By Dan Shapley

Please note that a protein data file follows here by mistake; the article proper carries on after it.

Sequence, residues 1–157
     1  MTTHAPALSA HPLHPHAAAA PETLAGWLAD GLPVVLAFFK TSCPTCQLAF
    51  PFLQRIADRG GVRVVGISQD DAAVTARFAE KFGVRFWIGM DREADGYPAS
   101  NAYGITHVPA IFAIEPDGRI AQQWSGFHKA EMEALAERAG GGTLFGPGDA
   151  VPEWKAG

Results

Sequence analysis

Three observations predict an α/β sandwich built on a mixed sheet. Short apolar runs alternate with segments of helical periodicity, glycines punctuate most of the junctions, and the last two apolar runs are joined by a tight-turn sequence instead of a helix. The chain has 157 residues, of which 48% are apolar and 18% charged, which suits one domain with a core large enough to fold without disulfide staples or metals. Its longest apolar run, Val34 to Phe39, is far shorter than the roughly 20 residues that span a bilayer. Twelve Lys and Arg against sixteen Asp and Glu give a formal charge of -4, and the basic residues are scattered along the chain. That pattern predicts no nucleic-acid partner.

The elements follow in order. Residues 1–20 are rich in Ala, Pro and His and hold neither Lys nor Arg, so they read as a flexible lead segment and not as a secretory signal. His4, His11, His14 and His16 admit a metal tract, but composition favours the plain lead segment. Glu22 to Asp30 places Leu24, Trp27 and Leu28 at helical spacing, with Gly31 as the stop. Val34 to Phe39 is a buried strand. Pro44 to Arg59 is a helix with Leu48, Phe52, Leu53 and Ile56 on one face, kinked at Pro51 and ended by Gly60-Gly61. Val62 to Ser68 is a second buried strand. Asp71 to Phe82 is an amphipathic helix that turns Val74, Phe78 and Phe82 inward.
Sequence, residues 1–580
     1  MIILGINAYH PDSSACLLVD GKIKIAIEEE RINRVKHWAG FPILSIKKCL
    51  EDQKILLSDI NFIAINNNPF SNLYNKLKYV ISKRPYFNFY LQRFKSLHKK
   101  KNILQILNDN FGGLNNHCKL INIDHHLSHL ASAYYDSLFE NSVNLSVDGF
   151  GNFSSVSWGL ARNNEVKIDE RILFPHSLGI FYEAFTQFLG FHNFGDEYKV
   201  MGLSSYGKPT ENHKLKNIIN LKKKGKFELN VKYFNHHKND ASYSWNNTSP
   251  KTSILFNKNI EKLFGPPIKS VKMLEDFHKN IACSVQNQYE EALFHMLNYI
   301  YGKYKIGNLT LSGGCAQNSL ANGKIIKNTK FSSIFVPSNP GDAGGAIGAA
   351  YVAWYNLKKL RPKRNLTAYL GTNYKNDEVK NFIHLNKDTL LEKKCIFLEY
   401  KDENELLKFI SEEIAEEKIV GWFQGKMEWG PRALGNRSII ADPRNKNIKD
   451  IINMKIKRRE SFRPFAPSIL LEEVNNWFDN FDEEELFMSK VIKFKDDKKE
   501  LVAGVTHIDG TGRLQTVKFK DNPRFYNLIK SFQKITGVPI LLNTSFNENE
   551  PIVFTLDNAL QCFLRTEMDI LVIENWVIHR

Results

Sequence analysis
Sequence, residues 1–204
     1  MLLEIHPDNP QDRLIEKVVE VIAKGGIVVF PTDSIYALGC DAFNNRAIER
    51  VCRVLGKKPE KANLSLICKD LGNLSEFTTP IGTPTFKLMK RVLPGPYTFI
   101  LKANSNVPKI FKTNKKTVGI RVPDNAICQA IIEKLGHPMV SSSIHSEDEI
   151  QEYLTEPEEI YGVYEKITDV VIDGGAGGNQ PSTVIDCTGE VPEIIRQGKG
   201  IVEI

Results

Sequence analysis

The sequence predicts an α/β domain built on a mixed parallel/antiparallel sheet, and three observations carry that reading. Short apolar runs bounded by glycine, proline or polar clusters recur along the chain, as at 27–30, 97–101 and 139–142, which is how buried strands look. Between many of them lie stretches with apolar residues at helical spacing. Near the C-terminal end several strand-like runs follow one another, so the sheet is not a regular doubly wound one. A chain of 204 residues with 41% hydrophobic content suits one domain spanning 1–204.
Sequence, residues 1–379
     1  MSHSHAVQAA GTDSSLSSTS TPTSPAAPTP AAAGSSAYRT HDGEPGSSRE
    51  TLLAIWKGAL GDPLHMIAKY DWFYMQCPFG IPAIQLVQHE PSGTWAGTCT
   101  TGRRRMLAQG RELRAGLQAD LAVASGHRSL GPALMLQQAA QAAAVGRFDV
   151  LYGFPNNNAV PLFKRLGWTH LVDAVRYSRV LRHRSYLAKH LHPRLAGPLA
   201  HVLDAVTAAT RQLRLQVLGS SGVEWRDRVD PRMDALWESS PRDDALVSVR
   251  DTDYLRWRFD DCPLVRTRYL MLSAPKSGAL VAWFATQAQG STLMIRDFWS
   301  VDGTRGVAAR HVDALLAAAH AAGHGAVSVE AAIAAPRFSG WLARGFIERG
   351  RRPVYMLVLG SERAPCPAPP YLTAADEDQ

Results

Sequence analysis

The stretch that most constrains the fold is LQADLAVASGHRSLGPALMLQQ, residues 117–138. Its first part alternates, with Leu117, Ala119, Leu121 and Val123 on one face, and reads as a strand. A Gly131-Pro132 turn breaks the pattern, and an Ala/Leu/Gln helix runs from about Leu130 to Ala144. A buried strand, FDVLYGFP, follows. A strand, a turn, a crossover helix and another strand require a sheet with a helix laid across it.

Environmental, health and worker groups want a chemical that makes male fish turn female banned from detergents. The groups joined together to petition the Environmental Protection Agency, seeking a ban on the detergent additives called nonylphenol ethoxylates, or NPEs. There are no studies that link exposure to the chemical to human reproductive or development changes, but such a link has been shown in numerous studies of fish. NPEs are one of many so called "endocrine disruptors" being studied for their ability to mimic hormones like estrogen. Manufacturers of products containing NPEs are not required to include that information on labels. Many companies, such as Proctor & Gamble, long ago stopped using the chemicals, according to a story in the June 6 Newsday. Studies have drawn links between early exposure to chemicals and a range of problems, including cancer and developmental issues. For The Daily Green's story on going organic during pregnancy and raising a toxin-free baby, see Four Steps To Organic Motherhood. To read a blog -- and get your questions answered -- by the authors of The Complete Organic Pregnancy, see The Daily Green's exclusive blog, Ask An Organic Mom.